ISSN (Print) - 0012-9976 | ISSN (Online) - 2349-8846

Suhas ParanjapeSubscribe to Suhas Paranjape

Dialogue Needed on Sardar Sarovar

The following is an Open Letter to Uma Bharti, Minister for Water Resources, Government of India: We the undersigned believe that the recent decision of the Narmada Control Authority (NCA) to raise the height of the Sardar Sarovar dam by 16.76 metres (m) taking the height to the designed final...

Beyond the Rhetoric of Integrated Water Resources Management: The Case of the Tungabhadra Sub-basin

Although Integrated Water Resources Management, as a concept, has gained currency in the global discourse on water, it does not seem to have made much headway in the Indian context. The paper examines the case of Tungabhadra sub-basin in south India and finds that it has made little progress in practical terms with regard to intra- and inter-sectoral allocation of water. The concept of iwrm in Tungabhadra is relatively new and water management has been performed mainly at the state level. As a result, Karnataka and Andhra Pradesh have their own set of different water governance regimes - water policies, laws and legislations, institutions and practices - with relatively little interaction between them.

Babhli Water Conflict: Less Water, More Politics

Water sharing disputes between states are growing, the latest in the news being the conflict between Maharashtra and Andhra Pradesh over the Babhli barrage. It puts the spotlight on underlying issues like the lack of an efficient mediating mechanism for conflict resolution both within government and the civil society at all levels. The problem is that of evolving shared modalities of dealing with and sharing water surpluses and shortfalls. This is an aspect that the water disputes tribunals provide no guidelines on because they see water only in terms of legal property to be apportioned. There is also no mechanism to ensure equitable water allocation within a state. In fact, areas within Maharashtra and Andhra Pradesh are caught in bitter conflicts, much sharper and much larger in scope than Babhli.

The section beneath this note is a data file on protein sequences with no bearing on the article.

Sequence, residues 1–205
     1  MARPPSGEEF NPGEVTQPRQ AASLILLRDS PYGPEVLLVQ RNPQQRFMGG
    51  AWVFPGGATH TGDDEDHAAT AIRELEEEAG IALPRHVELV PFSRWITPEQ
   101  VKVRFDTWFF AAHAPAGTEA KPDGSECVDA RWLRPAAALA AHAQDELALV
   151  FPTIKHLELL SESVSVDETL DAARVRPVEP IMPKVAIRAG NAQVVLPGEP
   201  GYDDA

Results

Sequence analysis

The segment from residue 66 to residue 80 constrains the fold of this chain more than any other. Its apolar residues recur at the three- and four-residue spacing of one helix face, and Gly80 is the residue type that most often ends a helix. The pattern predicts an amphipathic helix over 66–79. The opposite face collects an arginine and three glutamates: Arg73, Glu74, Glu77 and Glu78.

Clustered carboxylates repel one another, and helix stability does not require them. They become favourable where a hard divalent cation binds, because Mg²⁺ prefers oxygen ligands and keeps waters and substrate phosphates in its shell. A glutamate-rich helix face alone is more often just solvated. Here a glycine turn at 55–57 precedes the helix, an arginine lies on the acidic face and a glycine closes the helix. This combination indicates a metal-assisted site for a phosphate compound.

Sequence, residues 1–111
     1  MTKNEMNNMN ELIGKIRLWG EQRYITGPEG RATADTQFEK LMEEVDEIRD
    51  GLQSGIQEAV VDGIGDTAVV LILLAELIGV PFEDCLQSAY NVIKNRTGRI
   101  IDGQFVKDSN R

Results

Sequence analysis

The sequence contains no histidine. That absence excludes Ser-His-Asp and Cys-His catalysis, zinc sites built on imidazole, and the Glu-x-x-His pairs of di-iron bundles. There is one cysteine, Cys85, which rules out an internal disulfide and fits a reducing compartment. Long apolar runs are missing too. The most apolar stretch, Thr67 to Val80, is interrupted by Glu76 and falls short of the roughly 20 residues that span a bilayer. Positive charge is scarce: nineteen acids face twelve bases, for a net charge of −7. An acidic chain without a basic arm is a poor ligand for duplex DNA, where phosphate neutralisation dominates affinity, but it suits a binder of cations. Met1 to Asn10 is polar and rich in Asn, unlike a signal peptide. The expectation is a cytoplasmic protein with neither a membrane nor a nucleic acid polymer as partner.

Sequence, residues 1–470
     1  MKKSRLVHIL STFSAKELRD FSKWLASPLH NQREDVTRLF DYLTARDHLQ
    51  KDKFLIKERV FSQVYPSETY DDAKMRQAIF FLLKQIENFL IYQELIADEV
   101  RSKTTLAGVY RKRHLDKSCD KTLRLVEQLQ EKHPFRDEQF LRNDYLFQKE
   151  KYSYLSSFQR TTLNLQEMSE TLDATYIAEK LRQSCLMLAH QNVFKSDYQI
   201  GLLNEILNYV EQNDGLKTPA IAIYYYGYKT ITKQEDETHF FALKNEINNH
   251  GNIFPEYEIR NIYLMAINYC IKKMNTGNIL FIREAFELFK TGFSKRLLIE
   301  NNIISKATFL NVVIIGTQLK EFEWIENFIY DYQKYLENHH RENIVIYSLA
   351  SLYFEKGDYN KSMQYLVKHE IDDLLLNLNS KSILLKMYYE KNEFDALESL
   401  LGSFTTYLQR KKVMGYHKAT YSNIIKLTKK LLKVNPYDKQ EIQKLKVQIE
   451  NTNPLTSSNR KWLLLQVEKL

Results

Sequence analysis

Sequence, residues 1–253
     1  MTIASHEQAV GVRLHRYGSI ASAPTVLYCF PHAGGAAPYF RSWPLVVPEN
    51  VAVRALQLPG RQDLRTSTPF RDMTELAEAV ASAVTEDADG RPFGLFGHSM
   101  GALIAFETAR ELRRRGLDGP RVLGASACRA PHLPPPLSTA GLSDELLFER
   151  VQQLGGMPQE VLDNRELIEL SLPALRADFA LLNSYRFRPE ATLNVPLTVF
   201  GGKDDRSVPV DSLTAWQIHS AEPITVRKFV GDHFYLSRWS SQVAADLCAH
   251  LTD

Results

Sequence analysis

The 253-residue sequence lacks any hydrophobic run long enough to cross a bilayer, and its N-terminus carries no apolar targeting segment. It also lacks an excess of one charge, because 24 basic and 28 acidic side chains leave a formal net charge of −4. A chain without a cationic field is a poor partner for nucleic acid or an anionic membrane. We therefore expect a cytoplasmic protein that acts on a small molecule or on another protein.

K R Datye: Visionary of a Sustainable and Equitable Future

K R Datye, a civil engineer by profession, worked for more than half a century on ideas for the water, energy and infrastructure sectors, ideas that were based on a vision for India of a sustainable, equitable and a democratic agro-industrial society. A critical appraisal of KRD's work on his first death anniversary.

An Alternative Energy Plan for the Konkan

The proposal to generate nearly 20,000 megawatts of power by building new power plants on a narrow strip of the Konkan coast is a recipe for an ecological and social disaster. The government should learn from the past experience of such coal-based power plants, reassess the true demands for energy and encourage ecologically sustainable planning, which will also benefit the local people. Such alternatives are already available and have been demonstrated to be workable but is the government listening?

Issues in Restructuring

There is a need to reiterate the interconnectedness of the biophysical, socio-economic, and institutional aspects of watershed development from within a larger conceptual and normative framework for natural resource-based sustainable development.

Dams and Displacement: Alternative Restructuring of the Sardar Sarovar

The Sardar Sarovar Project has been the focus of a long drawn-out conflict between the Gujarat government and experts, on the one hand, and anti-big dam activists, on the other. This is a revisiting of the principles behind an alternative that was articulated 10 years ago, but is still relevant today.

'Million Revolts' in the Making

Water conflicts in India have now percolated to every level. They are aggravated by the relative paucity of frameworks, policies and mechanisms to govern use of water resources. This collection of articles, part of a larger compendium, is an attempt to offer analyses of different aspects of water conflicts that plague India today. These conflicts, scale and nature, range over contending uses for water, issues of ensuring equity and allocation, water quality, problems of sand mining, dams and the displacement they bring in their wake, trans-border conflicts, problems associated with privatisation as well as the various micro-level conflicts currently raging across the country. Effective conflict resolution calls for a consensual, multi-stakeholder effort from the grassroots upwards.
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